Ranked-Choice Voting could have corrected one great electoral wrong, but would reinforce another

Kent Kroeger
16 min readNov 12, 2022

By Kent R. Kroeger (November 12, 2022)

Photo by landrachuk (Used under the CC0 1.0 Universal Public Domain Dedication)

Politicians and media pundits love shaming election deniers like myself. But no bother, I wear the badge of electoral discontent without guilt or embarrassment. I earned the scarlet letter of election denial on November 7, 2000 and I am not about to let anyone take it from me.

I will never forget the Florida recount in the 2000 presidential election between George W. Bush and Vice President Al Gore.

For those who didn’t live through it or have forgotten its infamy, here is a short summary:

Based on strong evidence of ballot irregularities in Florida, a four-county recount started on November 12, but on December 9, just as a statewide recount of ‘undervote’ ballots was about to start, the U.S. Supreme Court suspended the entire recount process. Four days later, Gore conceded the election.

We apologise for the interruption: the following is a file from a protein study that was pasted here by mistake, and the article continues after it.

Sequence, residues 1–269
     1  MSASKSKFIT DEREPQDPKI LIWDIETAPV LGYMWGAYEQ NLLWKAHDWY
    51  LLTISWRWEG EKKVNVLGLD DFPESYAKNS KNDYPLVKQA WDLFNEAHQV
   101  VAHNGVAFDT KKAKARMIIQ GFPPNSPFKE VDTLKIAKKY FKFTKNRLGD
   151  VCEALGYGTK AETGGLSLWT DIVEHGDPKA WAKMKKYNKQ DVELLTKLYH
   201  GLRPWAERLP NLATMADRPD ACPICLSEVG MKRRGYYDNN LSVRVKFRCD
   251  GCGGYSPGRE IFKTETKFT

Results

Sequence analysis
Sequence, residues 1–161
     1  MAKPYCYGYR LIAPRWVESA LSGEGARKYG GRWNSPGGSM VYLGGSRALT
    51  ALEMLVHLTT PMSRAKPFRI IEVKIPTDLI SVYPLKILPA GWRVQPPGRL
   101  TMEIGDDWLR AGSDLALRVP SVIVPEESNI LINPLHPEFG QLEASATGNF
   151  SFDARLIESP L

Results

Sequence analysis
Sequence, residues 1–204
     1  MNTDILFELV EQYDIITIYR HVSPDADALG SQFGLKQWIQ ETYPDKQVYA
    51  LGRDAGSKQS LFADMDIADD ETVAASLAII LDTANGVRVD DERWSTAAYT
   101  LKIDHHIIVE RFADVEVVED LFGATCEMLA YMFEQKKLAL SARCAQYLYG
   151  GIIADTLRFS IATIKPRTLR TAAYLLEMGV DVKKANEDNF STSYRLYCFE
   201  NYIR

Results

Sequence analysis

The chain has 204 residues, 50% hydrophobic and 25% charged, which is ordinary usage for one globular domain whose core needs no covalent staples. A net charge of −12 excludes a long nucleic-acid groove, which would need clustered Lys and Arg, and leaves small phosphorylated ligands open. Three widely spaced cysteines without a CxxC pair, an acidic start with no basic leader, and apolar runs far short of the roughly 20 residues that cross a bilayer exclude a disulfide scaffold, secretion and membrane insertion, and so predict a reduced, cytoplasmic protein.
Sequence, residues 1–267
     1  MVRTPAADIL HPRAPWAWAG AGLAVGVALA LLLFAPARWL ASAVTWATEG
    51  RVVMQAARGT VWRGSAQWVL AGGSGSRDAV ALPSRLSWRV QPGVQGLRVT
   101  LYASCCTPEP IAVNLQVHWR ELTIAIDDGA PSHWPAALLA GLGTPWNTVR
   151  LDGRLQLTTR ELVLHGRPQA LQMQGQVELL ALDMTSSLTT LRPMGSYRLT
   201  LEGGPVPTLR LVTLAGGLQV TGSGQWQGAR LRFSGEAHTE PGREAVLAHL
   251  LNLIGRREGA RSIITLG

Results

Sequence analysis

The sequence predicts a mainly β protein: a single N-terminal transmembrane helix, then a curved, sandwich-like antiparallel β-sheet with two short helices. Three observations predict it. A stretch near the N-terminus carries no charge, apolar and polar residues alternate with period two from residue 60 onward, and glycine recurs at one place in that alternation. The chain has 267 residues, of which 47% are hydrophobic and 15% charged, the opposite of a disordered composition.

Unlike the January 6th Capitol riots in which not a single vote was affected, the 2000 presidential election was short-circuited by Bush and GOP operatives such as Roger Stone, who among others, helped organize protest mobs to intimidate Florida’s ballot recounters and make them stop the recount. And by the time sheriff’s deputies and state officials finally restored order during a Miami-Dade County protest by the ‘Brooks Brothers Brigade’, election officials had already decided to shutdown the county’s recount. It looked like something out of a third world election — only with a more business-casual dress code.

The forensic evidence is conclusive that a faulty — dare I say, illegal — butterfly ballot design in Palm Beach County led directly to Gore’s loss of Florida’s electoral votes and, in turn, the 2000 election.

Palm Beach County, Florida’s “Butterfly” ballot from 2000 election (Photo by User:Anthony at en.wikipedia)

“The butterfly ballot used in Palm Beach County, Florida, in the 2000 presidential election caused more than 2,000 Democratic voters to vote by mistake for Reform candidate Pat Buchanan, a number larger than George W. Bush’s certified margin of victory in Florida,” concluded researchers from Cornell, Harvard…



Kent Kroeger

I am a survey and statistical consultant with over 30 -years experience measuring and analyzing public opinion (You can contact me at: kroeger98@yahoo.com)